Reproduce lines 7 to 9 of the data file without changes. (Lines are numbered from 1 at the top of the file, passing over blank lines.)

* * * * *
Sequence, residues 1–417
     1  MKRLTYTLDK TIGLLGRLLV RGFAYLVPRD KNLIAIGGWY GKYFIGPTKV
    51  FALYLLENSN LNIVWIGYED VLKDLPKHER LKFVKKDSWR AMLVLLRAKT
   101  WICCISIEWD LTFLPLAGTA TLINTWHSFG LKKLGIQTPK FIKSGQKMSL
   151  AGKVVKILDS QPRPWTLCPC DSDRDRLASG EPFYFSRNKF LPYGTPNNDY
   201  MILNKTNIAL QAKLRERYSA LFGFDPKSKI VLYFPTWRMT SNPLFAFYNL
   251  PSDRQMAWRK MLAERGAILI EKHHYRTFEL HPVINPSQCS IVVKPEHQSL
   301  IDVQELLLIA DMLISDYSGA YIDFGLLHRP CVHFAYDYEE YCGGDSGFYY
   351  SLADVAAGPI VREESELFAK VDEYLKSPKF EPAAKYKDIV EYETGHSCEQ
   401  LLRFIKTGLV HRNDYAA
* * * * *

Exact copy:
   251  PSDRQMAWRK MLAERGAILI EKHHYRTFEL HPVINPSQCS IVVKPEHQSL
   301  IDVQELLLIA DMLISDYSGA YIDFGLLHRP CVHFAYDYEE YCGGDSGFYY
   351  SLADVAAGPI VREESELFAK VDEYLKSPKF EPAAKYKDIV EYETGHSCEQ